|This article is about the Relic in Age of Empires II. For the Relic in Age of Mythology, see Relic.|
Relics are special objects in Age of Empires II.
Relics are depicted in-game as medium-sized, white, trophy-looking constructs. At the beginning of a random map game, Relics usually are scattered around the map. Relics can only be carried by Monks. When one is placed in a Monastery, the Relic slowly generates gold at a rate of 1 every 2 seconds. If more Relics are collected, more gold is generated.
Collecting all of the available Relics on a map in a standard game will additionally initiate a 200-year timer that counts down to the victory of the player holding them, or their team if "Allied Victory" was checked before the game started. Relics captured by the player's allies will contribute to the team's victory so long as every single Relic on the map is in possession of a team member. Note that if victory method 'Conquest' is chosen, Relics will not win the game and all enemies have to be conquered.
In the story campaigns, Relics are often mission objectives. They are usually initially kept in enemy Monasteries and/or guarded by enemy units.
Relic Spawning Edit
Without expansion pack data, a standard game always has five Relics scattered randomly across the map, while with The Forgotten or The African Kingdoms loaded the amount of Relics scales according to the chosen map size, with LudiKRIS-sized maps containing as many as ten and tiny maps having three.
The following civilizations can research technologies that affect Relics:
- Huns: Atheism adds 100 years to a Relic victory, for all players.
- Indians: Sultans increases Relic gold production by 10%.
Team Bonuses Edit
- A team containing Aztecs: Captured Relics produce 33% more gold.
- A team containing Burmese: Relics are visible on the map from the beginning of the game.
Relics are very important to any long-duration games, particularly on maps with scarce gold. Thus, it is very important to attempt to gather many as soon as the Castle Age is reached. During the Dark and Feudal Ages, using scouts to pinpoint Relic locations and building a few archers and infantry to deter enemy Monks from snatching free Relics can be useful. Monks are completely vulnerable while collecting Relics, so it is important attach a patrol with them to make sure they don't get killed. Researching Fervor and Sanctity is useful in order to make Monks retrieve Relics successfully by improving their speed and health, respectively.
In the late game, Relics can be an pivotal point in deciding where battles are fought. The successful theft of a Relic is generally a very large victory considering both the usefulness and versatility of extra gold. Relics should be closely guarded and contained within Monasteries that are difficult to reach and easy to defend. Optimally, they should also be scattered across several Monasteries to avoid losing all of them should the Monastery that contained them fall.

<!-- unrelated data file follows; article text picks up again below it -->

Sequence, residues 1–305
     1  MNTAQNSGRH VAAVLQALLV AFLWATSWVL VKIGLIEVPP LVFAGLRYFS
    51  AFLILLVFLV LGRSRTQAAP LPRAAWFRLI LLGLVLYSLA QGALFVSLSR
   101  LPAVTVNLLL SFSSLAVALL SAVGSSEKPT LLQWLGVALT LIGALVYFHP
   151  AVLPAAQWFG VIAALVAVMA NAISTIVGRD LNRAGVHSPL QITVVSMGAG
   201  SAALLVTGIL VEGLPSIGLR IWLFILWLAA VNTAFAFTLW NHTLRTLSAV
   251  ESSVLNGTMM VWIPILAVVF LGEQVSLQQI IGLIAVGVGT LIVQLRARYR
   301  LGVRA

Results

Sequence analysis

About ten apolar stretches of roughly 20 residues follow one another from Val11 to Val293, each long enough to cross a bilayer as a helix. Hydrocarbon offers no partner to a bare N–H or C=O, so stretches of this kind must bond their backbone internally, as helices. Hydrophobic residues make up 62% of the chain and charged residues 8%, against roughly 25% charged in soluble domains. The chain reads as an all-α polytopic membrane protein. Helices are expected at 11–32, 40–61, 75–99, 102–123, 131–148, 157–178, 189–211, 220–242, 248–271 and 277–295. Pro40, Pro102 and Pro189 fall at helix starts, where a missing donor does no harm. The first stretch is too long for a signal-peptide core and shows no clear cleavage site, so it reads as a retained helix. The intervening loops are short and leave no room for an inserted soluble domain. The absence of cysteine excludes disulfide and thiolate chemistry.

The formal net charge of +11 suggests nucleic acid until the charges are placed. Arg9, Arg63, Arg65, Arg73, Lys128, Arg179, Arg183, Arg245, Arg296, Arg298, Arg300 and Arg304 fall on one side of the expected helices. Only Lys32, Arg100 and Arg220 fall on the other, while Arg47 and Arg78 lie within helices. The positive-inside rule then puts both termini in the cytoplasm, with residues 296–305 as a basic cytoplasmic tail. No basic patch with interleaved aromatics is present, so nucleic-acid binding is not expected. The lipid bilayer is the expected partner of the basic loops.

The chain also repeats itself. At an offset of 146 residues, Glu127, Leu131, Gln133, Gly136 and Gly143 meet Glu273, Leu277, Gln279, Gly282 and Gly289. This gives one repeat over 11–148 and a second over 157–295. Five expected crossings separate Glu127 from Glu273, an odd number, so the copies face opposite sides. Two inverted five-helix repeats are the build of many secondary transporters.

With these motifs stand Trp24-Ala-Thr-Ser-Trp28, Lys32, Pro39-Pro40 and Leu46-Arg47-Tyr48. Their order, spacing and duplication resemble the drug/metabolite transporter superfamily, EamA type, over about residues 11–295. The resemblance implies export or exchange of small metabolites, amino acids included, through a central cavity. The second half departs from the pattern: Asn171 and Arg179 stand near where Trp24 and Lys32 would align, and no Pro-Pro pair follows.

The Relics in-game are representations of holy objects in real life. Such objects include the Shroud of Turin, pieces of the True Cross, the Holy Grail, and others. Holy Relics helped promote a form of early tourism for pilgrims, helping finance religious institutions (represented by the flow of gold in-game).
Capture the Relic Game Mode Edit
Introduced in Age of Empires II: The Forgotten, this game mode has similarities to King of the Hill. At the start of the game, there is only one Relic in the center of the map. All the players start with an indestructible Monastery and cannot build any Monasteries. The player that manages to place the Relic inside their Monastery instantly wins the game. Capture the Relic games are usually very short.
"The influence of religion in daily life during the Middle Ages, especially in Europe, was exemplified by the attraction and trafficking of religious relics. The burial sites of saints became the focus of pilgrimages. A church or monastery that owned even a few bones from a saint or a small piece of the true cross drew pilgrims. In time a market for saintly bones developed and rich men competed to acquire such relics and endow them to local religious institutions. Attracting pilgrims and believers was good for the local economy. The most famous relic of the period is the Shroud of Turin, purported to be the burial shroud of Jesus Christ. This shroud was acquired in the Middle East and brought to Italy in the late Middle Ages."